As Queens became the “epicenter of the epicenter” of the COVID-19 pandemic two years ago, community-based organizations moved mountains in the mad scramble to provide relief to their neighbors across Queens.
One Astoria-based group was able to organize faster than most to feed frontline workers and families in need while helping local restaurants stay in business while re-employing restaurant workers to pack produce and make deliveries.
“Queens Together began when COVID-19 shut down New York City in March 2020,” Queens Together Executive Director Jonathan Forgash said. “We built an organization to empower, represent and support our restaurant community and a ‘plate it forward’ program to feed frontline workers and people facing food and economic insecurity.”
Queens Together made a difference for food-insecure Queens residents and made a direct impact on the financial stability of small business restaurants and their employees through fundraising, volunteers and partnerships with community-based organizations.
“When COVID-19 hit New York, Queens Together stepped forward and raised a banner that we could all rally around. Organizing restaurants to feed our overwhelmed healthcare workers and neighbors,” said Michael Fuquay, owner of The Queensboro in Jackson Heights. “They saved many restaurants in the process. Queens Together is the real deal.”
In the past two years Queens Together provided prepared meals, groceries and fresh produce for more than a quarter of a million people. Additionally, the organization funded more than 60 restaurants and businesses to prepare foods for neighbors, pay bills and keep employees working. Queens Together established a food pantry at Variety Boys & Girls Club in Astoria with satellite pop-up pantries across Queens.
Forgash and his team created a network of more than 300 restaurants, small businesses and community groups. Plus, Queens Together provided important news and grants information from agencies at all levels of government as well as COVID-related information, education, promotion and tech services, often in a variety of languages and handed out door-to-door by community-based organization partners.
“Queens Together was instrumental in keeping local businesses open by connecting them with monies to provide food to frontliners and those in need,” said T.M. Walker, owner of MumsKitchens NYC in St. Albans. “We are honored to be a member of this game-changing organization.”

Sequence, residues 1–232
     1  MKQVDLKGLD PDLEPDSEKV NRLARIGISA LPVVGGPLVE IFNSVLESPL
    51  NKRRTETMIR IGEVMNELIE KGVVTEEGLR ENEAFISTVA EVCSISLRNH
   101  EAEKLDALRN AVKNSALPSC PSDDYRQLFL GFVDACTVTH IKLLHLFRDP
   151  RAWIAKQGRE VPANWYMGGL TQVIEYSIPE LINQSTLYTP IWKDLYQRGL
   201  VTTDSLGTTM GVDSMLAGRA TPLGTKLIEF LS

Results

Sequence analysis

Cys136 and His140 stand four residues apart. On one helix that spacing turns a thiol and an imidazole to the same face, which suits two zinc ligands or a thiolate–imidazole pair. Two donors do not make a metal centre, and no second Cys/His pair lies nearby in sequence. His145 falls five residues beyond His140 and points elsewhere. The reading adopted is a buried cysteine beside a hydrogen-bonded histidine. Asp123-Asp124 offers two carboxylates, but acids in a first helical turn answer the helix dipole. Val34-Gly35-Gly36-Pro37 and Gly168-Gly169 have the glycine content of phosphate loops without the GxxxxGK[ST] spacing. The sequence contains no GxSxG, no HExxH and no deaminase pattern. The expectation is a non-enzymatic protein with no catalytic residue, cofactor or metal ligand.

Last November, Congresswoman Carolyn Maloney honored Forgash for his service to the residents of Queens during the pandemic, and she announced on March 8 that she had secured $250,000 in funding for Queens Together, along with nearly $1 million for the Floating Hospital in Long Island City and $800,000 for Urban Upbound’s Youth Career and Training Program.
“I’m thrilled that all of my community project funding requests for these deserving organizations were included in this year’s appropriations bill, including Queens Together,” Maloney said. “All these groups are integral to our community, and I’m honored to be able to support their work through federal funding. The $250,000 for Queens Together will bring much-needed stability and support to our small businesses and restaurants.”
Forgash said the funding will allow Queens Together to become a fully operational organization that will act as FEMA for restaurants and families across the borough in the event of another public health emergency in the future.
“With this funding from Congress, we will continue to build our network of local restaurants and community groups,” Forgash said. “Together, we will work to improve the public health and wealth of New York City’s largest borough. When the next crisis hits NYC, we can be the ‘boots on the ground’ leader connecting agencies and resources to communities across the borough.”